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Search Results 0 to 43 of about 44 (some duplicates have been removed)
think that troops should be sent back into iraq? >> i absolutely do not think we need to send troops back to iraq. we have done our job in iraq in the military sense. i mean engagement diplomatically and engagement with the people of iraq. iraq has very troublesome neighbors. a successful iraq has the potential to change the face of the middle east. our engagement should be deep, but it should be political, diplomatic and social and economic. >> belva: how do you think the rise of china will or does have an effect on the health of california? >> the rise of china as an economic power is one of the major stories of the late 20th and 21st century. i was in china in 1988 in beijing. the streets of beijing were a competition between a few horse carts and automobiles and a lot of bicycles. that is not the china of today. it has been an economic miracle. china, it can be an economic miracle which is good for the international economy. we should be able to have the chinese have freer trade to have exports into china. we need robust chinese economic growth to fuel the international economy.
sights to iraq just days after 9/11, i stood up and opposed this war, knowing that it would distract us from the real threats we face. when john mccain said we could just "muddle through" in afghanistan, i argued for more resources and more troops to finish the fight against the terrorists who actually attacked us on 9/11, and made clear that we must take out osama bin laden and his lieutenants if we have them in our sights. john mccain likes to say that he'll follow bin laden to the gates of hell - but he won't even go to the cave where he lives. [cheers and applause] and today, as my call for a time frame to remove our troops from iraq has been echoed by the iraqi government and even the bush administration, even after we learned that iraq has a $79 billion surplus while we're wallowing in deficits, john mccain stands alone in his stubborn refusal to end a misguided war. that's not the judgment we need. that won't keep america safe. we need a president who can face the threats of the future, not keep grasping at the ideas of the past. [cheers and applause] you don't defeat a terrorist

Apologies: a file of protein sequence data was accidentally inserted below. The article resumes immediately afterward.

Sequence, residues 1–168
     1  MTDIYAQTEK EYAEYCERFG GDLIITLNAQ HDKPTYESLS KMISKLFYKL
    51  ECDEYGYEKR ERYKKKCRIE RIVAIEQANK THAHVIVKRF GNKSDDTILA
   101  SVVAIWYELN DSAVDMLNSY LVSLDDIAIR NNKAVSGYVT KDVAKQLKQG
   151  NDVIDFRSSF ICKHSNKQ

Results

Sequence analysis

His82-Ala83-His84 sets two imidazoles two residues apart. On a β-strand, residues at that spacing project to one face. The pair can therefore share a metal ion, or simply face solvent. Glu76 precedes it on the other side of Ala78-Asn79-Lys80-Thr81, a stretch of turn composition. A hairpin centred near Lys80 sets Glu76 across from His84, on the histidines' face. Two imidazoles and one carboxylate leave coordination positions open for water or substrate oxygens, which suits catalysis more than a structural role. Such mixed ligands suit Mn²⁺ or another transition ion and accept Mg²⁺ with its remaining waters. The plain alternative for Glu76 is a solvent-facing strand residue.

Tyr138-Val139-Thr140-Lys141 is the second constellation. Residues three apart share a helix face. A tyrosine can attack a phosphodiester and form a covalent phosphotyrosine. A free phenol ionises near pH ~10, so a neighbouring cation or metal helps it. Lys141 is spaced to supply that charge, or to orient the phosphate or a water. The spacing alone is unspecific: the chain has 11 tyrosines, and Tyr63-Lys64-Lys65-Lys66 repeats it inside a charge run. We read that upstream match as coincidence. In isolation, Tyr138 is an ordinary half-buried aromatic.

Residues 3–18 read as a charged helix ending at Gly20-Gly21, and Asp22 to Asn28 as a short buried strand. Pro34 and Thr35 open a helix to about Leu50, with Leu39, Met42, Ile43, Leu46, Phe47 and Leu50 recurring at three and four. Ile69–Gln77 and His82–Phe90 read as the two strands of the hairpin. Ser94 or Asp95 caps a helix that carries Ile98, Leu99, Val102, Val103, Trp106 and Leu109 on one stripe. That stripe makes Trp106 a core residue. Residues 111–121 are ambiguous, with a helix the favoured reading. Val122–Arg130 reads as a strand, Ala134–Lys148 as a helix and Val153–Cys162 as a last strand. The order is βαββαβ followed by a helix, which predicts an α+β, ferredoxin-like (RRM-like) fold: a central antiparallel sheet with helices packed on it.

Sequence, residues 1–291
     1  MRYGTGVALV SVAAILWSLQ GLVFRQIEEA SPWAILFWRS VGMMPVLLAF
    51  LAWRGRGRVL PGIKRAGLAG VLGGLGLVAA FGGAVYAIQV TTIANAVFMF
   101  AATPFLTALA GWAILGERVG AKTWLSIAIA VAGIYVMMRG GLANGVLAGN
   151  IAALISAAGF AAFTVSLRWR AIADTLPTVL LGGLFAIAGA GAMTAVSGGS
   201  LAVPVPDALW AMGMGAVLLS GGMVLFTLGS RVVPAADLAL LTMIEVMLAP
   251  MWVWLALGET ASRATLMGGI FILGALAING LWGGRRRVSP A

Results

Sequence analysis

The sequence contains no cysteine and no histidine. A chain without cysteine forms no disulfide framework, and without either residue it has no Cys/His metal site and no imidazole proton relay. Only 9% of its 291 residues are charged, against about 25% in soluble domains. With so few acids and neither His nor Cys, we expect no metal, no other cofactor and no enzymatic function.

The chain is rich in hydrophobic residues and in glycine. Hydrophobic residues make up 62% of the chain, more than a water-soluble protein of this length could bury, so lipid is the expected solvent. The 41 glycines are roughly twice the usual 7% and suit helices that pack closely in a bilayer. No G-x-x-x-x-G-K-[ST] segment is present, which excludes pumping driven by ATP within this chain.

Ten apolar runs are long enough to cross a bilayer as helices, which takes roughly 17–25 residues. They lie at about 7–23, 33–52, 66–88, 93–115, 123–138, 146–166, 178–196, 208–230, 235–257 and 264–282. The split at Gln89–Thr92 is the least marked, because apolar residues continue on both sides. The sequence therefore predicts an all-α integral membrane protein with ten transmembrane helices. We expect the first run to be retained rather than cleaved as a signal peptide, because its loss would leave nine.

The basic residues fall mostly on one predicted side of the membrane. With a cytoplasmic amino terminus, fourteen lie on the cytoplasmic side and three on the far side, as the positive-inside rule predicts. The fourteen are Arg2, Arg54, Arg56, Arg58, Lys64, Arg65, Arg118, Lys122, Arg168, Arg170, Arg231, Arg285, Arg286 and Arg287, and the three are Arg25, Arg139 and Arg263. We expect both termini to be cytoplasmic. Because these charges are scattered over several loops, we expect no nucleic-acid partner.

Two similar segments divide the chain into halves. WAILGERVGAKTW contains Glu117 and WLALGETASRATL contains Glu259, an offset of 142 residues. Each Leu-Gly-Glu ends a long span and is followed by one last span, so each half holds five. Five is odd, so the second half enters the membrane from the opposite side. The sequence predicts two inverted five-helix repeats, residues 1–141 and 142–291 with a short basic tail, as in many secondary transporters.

i was not on tech and two in iraq, one in pelot and one in kirkuk. came back and move to buffalo in 2007 i thought everything was fine and i got a job and everything was fine for a couple of years until one day when it wasn't find any more. i guess that is what i wrote the book about which was the struggle to figure out what was wrong when i got home and the things i did over there. something was happening to me physically that i didn't understand. i had a physical reaction. i didn't feel worried or stressed and i wasn't having nightmares and i wasn't jumping a car doors and i wasn't doing all the stereotypical things that they tell you is what ptsd is going to look like or any of those coming home issues are going to be like. i had a physical feeling in my chest that i had no name for so i went to the emergency room for a heart attack. and i went back a couple of times. it was never a heart attack and they hooked me up to all the monitors and an ekg and everything else and no, there's nothing physically wrong with you. so then i got referred, i guess the system worked a little b
, will explain what he did to move away from -- again we were on the precipice of great depression, the iraq war, i think the american people know that we have a tough economy, largely what the republican convention last week was, was hiding their own agenda, a bunch of platitudes and angry insults. people know that we have a tough economy. they want to know how we're going to move forward. we have energized near colorado, here, great volunteers, we're beginning to see great rental strigs. we think we'll be able to build the kind of excitement on the ground to win this election. particularly for the middle class voters in this country, who do you trust to make economic decisions with you at the core? and mitt romney is clearly going to make every decision through the prism of he believes, if people like him get a huge tax break, somehow that's going to trickle down to everyone else. >> another big economic decision that people will have to make is about medicare. medicare has been a winner for democrats. in his convention speech, paul ryan signaled to suggest that the republicans weren't going t